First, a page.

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Albert Liao receives SRC NRI Hans J. Coufal Fellowship

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By Charlie Johnson, ECE ILLINOIS
October 23, 2009

  • Albert Liao named the Hans J. Coufal Fellow.
  • Liao has been studying carbon nanotubes.
  • Liao is working under Prof. Eric Pop.

Albert Daen Liao
Albert Daen Liao

ECE graduate student Albert Liao (BS PHYS ‘07, MS ECE ‘08) was recently awarded the Semiconductor Research Corporation (SRC) Nanoelectronics Research Initiative (NRI) Hans J. Coufal Fellowship to continue his current research at Illinois. Liao, working under ECE Assistant Professor Eric Pop, is only the second recipient of the Coufal Fellowship, which is presented to a graduate student working under an NRI sponsored faculty member. The Fellowship was created to honor the memory of Dr. Hans Coufal who founded the NRI and was first awarded in 2007. Included in the award are expenses for Liao’s tuition and fees, a cash stipend, and a $2,000 annual award given to the department.

“As a graduate student, it’s always great to win an award like this because it gives you more academic freedom now that you’re, to some extent, self-funded. There’s also the prestige that goes along with having a fellowship. They always look really good on a résumé,” said Liao. “This one is really nice because it basically takes me all the way to my graduation, and the little bit of extra cash is good too.”

Under Pop, Liao has been researching the behavior of carbon nanotubes under high stress and Joule breakdown, and is currently working on a method of measuring the energy dissipation between a single carbon nanotube and its supporting substrate. Liao hopes to continue studying the role of various substrates on both heat and electrical transport in carbon nanotubes.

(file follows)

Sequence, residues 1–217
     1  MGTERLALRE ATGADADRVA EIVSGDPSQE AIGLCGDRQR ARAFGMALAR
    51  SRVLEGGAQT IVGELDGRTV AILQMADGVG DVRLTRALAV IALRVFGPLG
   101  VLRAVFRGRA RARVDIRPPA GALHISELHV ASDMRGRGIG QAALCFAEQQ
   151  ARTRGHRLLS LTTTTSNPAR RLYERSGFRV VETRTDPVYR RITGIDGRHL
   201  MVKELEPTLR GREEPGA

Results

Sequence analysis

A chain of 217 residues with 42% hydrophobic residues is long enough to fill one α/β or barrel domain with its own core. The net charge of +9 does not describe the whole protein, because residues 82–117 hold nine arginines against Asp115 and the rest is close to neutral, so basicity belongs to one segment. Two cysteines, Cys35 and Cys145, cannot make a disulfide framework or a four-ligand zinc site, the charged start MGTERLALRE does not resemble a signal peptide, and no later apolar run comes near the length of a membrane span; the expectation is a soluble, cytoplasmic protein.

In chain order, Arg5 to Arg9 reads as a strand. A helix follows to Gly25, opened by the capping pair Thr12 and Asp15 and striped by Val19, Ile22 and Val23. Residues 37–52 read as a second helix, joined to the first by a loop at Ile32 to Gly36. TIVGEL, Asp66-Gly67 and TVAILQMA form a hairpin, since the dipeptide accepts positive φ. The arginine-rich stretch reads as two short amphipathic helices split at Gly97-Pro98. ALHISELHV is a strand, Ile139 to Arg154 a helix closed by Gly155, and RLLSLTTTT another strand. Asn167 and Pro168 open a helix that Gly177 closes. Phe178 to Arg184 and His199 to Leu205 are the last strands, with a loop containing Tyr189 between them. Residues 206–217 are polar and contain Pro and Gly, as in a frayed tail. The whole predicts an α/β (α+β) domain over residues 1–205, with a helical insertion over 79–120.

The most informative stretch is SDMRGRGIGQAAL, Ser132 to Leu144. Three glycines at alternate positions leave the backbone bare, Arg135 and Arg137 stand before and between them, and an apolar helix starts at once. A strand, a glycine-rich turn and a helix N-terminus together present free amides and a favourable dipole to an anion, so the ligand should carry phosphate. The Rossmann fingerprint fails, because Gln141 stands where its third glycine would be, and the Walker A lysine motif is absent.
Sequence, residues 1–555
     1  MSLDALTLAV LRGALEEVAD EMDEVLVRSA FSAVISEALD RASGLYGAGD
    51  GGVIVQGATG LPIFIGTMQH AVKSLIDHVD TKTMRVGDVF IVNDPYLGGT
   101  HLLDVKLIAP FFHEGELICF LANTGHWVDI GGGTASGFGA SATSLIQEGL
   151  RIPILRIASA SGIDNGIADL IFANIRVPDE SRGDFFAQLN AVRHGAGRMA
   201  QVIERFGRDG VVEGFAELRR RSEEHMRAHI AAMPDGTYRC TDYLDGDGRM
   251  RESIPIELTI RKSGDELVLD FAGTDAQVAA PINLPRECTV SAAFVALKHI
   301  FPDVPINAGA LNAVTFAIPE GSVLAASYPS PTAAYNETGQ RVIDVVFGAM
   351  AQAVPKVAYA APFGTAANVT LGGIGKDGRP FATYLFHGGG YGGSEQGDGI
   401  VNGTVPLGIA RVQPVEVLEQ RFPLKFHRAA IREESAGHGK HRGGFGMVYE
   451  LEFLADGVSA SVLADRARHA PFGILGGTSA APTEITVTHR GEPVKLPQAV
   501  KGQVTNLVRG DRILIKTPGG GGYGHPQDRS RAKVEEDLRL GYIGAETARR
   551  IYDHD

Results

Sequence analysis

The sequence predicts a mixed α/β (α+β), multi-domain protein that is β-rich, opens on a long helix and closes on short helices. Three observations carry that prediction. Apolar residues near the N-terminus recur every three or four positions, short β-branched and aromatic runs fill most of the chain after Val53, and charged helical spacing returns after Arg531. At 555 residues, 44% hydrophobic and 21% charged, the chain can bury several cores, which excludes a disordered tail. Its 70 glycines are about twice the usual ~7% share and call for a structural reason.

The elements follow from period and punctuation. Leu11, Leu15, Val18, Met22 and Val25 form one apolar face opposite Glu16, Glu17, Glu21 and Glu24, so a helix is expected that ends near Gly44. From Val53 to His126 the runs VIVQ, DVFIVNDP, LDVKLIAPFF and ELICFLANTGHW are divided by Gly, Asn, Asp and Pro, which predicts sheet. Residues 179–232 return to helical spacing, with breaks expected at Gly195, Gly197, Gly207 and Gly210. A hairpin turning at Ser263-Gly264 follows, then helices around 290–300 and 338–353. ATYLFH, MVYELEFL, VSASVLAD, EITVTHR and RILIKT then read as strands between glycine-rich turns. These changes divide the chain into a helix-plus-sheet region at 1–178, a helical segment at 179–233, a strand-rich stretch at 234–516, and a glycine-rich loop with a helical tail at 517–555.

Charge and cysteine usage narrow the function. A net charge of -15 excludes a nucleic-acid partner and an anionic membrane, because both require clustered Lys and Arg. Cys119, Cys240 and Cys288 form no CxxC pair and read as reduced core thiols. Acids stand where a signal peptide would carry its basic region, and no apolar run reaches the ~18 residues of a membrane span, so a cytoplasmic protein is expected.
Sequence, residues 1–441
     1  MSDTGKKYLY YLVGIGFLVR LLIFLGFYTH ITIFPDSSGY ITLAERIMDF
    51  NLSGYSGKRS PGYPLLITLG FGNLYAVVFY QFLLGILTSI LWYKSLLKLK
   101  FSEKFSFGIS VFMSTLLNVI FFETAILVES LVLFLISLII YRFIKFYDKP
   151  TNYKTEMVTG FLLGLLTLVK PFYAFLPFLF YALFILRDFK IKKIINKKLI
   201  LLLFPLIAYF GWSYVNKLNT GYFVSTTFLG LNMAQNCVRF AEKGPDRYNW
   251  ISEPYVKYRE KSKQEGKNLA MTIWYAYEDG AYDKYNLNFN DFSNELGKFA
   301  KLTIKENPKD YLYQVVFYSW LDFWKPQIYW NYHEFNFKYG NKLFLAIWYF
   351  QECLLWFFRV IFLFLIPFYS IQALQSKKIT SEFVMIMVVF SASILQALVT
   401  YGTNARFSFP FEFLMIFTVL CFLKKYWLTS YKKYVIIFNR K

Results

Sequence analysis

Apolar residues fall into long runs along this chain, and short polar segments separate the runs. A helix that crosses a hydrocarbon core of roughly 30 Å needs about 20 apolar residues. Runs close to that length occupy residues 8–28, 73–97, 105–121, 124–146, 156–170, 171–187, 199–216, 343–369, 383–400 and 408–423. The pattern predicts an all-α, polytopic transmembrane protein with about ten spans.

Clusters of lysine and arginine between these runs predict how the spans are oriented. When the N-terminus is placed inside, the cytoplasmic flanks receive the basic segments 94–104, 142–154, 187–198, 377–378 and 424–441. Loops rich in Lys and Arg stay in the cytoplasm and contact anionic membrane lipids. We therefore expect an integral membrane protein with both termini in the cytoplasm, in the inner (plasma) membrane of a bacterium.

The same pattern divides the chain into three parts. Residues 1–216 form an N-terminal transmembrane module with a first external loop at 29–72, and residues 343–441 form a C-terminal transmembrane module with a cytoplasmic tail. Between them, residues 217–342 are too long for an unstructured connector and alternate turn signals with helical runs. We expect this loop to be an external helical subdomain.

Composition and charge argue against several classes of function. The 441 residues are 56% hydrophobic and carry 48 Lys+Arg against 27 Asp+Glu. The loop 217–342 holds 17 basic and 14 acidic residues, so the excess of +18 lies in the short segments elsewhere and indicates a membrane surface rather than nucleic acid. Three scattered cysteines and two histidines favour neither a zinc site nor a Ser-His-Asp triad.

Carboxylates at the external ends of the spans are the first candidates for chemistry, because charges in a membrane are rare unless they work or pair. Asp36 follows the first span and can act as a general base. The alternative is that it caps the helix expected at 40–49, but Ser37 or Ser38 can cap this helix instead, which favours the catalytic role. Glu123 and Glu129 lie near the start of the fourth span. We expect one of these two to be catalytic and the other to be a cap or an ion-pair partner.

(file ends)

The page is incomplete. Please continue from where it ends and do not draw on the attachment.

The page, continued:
"Albert is doing excellent work. This is exactly the kind of extensive research study we need on these structures to enable us to use them for future devices,” said Dr. Jeff Welser, NRI director.

As a graduate student at Illinois, Albert has contributed to four journal papers and five conference presentations in only two years of graduate school. He also spent the summer of 2009 with the IBM Front End of the Line (FEOL) processing group in Hopewell Junction, New York.

“Importantly, he has also mentored two undergraduate students during this time, and participated in a collaboration with the National Institute of Standards and Technology,” said Pop.

Originally from the Bay area, Liao decided to stay at Illinois to complete his PhD over several California schools.

“When I finished my undergraduate here, I thought there’s no way I’m staying for another five years of Illinois weather. But, the situation here, the professor and the project I would be working on convinced me that this was the ideal scenario. And pretty much from the start until now it’s been a great situation,” said Liao. “I definitely miss fresh seafood, though.”

Given his knack for research, it should come as no surprise that after his graduation, Liao hopes to remain in research, whether it’s in academia or industry.

“I don’t know specifically what I want to do. All I know is that I want to stay in research,” said Liao. “I could continue doing nanotube research, but where I think I’d really like to make my mark is in energy consumption and production and try to help the energy crisis.”

And if where Liao winds up has good seafood, well, that would be alright too

Editor's note: media inquiries should be directed to Brad Petersen, Director of Communications, at bradp@illinois.edu or (217) 244-6376.

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